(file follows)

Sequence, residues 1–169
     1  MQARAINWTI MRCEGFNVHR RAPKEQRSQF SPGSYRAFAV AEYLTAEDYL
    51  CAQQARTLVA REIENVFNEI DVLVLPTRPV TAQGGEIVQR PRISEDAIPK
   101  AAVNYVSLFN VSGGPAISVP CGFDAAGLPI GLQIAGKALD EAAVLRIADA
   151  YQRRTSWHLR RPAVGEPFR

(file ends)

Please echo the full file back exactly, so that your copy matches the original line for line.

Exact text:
Sequence, residues 1–169
     1  MQARAINWTI MRCEGFNVHR RAPKEQRSQF SPGSYRAFAV AEYLTAEDYL
    51  CAQQARTLVA REIENVFNEI DVLVLPTRPV TAQGGEIVQR PRISEDAIPK
   101  AAVNYVSLFN VSGGPAISVP CGFDAAGLPI GLQIAGKALD EAAVLRIADA
   151  YQRRTSWHLR RPAVGEPFR